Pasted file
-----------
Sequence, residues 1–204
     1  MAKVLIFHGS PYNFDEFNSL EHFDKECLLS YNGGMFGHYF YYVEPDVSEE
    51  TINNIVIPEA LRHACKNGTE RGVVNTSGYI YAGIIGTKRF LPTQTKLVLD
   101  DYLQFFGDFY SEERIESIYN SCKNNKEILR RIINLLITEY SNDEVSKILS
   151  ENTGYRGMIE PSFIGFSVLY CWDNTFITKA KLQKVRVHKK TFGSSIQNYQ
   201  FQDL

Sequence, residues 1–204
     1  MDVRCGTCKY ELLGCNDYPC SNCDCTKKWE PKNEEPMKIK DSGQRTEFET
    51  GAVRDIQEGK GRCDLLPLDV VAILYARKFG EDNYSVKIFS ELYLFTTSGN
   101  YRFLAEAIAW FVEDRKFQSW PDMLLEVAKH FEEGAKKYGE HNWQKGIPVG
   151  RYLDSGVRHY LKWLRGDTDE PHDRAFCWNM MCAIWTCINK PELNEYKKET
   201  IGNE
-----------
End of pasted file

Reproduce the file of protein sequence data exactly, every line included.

Sequence, residues 1–204
     1  MAKVLIFHGS PYNFDEFNSL EHFDKECLLS YNGGMFGHYF YYVEPDVSEE
    51  TINNIVIPEA LRHACKNGTE RGVVNTSGYI YAGIIGTKRF LPTQTKLVLD
   101  DYLQFFGDFY SEERIESIYN SCKNNKEILR RIINLLITEY SNDEVSKILS
   151  ENTGYRGMIE PSFIGFSVLY CWDNTFITKA KLQKVRVHKK TFGSSIQNYQ
   201  FQDL

Sequence, residues 1–204
     1  MDVRCGTCKY ELLGCNDYPC SNCDCTKKWE PKNEEPMKIK DSGQRTEFET
    51  GAVRDIQEGK GRCDLLPLDV VAILYARKFG EDNYSVKIFS ELYLFTTSGN
   101  YRFLAEAIAW FVEDRKFQSW PDMLLEVAKH FEEGAKKYGE HNWQKGIPVG
   151  RYLDSGVRHY LKWLRGDTDE PHDRAFCWNM MCAIWTCINK PELNEYKKET
   201  IGNE